In this example, code that only knows about normal pointers to functions can be given the function created by thunk.callptr() and it will work, calling object.member when invoked. Note that this is not the same as using STL to make functors that are triggered with the same function calling syntax as normal functions. This is really a normal function! It can be passed to code that is already compiled and expecting a pointer to a regular function. This specifically includes the WinProc and any of the Enum... API functions in Windows.

Basically, the template member_callback_thunk holds a pointer to an object and a pointer-to-member of a member function. If this class had an operator() defined on it, it would be a functor as used with STL. But instead, it has callptr().

The instance of the member_callback_thunk, called thunk in the example above, causes a function to exist. This normal (non-member) function contains code to call the member on the object, with the same argument. callptr gives you a pointer to this function.

One Way road signThe function is dynamically generated to match the specific object and member needed, and it exists within the member_callback_thunk object. When the destructor is called, the function you got from callptr isnít any good anymore.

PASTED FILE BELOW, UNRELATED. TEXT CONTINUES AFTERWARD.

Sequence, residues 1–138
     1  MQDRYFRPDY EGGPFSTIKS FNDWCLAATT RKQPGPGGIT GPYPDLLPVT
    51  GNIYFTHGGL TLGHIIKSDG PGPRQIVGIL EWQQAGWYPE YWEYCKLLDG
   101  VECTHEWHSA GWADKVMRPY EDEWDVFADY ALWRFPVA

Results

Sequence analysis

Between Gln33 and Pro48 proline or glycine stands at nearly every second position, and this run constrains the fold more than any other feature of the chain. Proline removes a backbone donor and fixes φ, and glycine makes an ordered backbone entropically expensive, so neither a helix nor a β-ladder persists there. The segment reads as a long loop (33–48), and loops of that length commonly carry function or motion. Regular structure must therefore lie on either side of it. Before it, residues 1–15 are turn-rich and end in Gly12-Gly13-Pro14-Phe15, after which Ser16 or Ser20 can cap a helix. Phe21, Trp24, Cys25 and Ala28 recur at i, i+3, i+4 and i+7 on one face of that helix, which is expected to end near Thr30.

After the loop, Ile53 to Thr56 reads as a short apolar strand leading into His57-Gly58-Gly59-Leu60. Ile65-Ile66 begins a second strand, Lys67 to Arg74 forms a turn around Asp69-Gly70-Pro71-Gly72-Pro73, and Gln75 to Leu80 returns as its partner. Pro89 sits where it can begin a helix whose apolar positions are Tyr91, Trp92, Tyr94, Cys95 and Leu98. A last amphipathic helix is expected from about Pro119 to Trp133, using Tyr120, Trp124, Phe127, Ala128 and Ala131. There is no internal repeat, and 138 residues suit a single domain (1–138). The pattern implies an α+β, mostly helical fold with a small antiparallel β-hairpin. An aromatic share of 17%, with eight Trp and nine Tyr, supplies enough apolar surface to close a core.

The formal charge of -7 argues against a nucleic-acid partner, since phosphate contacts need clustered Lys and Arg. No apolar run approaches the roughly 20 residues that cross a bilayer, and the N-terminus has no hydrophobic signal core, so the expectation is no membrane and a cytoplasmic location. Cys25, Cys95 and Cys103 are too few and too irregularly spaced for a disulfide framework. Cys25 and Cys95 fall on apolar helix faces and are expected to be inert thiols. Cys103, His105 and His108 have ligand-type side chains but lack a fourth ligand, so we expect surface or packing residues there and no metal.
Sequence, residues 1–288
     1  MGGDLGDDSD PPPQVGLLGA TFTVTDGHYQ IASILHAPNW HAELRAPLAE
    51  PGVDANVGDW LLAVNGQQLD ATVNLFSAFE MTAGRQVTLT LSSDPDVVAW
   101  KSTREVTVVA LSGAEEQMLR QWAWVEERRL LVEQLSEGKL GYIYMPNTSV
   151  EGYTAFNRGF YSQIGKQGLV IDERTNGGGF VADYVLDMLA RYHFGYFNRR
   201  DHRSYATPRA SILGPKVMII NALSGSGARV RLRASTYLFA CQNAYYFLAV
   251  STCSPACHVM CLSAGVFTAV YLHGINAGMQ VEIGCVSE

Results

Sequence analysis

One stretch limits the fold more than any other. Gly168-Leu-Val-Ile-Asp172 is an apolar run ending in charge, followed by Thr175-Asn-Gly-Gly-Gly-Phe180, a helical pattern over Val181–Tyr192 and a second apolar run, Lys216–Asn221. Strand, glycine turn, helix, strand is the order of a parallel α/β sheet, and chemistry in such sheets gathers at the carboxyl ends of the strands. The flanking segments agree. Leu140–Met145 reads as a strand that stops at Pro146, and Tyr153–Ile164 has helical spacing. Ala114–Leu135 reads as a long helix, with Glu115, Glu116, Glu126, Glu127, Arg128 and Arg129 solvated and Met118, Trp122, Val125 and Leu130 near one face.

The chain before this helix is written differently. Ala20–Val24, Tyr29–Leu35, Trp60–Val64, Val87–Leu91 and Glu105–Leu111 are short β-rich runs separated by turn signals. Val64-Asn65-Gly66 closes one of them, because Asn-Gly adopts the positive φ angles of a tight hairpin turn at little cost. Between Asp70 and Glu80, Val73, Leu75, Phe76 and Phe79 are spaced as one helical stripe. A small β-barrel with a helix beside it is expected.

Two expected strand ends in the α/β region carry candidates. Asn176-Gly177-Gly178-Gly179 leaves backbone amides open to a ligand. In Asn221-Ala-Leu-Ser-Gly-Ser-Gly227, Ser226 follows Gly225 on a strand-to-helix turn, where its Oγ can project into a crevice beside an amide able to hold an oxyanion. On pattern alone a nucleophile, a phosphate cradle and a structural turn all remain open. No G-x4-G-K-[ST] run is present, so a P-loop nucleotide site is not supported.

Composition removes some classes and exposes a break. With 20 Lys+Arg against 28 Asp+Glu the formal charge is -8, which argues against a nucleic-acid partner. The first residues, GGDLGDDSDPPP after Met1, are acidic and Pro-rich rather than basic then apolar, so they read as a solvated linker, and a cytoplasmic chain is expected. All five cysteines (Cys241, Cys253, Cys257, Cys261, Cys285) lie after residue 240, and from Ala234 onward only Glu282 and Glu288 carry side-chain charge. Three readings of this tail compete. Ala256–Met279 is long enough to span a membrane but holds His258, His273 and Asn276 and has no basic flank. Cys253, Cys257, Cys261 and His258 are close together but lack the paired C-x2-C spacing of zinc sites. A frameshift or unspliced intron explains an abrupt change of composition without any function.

Using the member_callback_thunk template


The member must be __thiscall

Member functions, in Microsoftís compiler, other than those with ellipses, are normally passed using the __thiscall calling convention. Only by specifiying otherwise does it do something different. The code is necessarily specific to how the function expects to pass arguments, return, and manage the stack.

It would be possible to write additional templates for other calling conventions, but thatís not a priority. A work-around is to create a member function that is a one-line wrapper. For example, see the members in the atomic_counter, which are available both as __fastcall and as the default __thiscall.

The resulting closure is __stdcall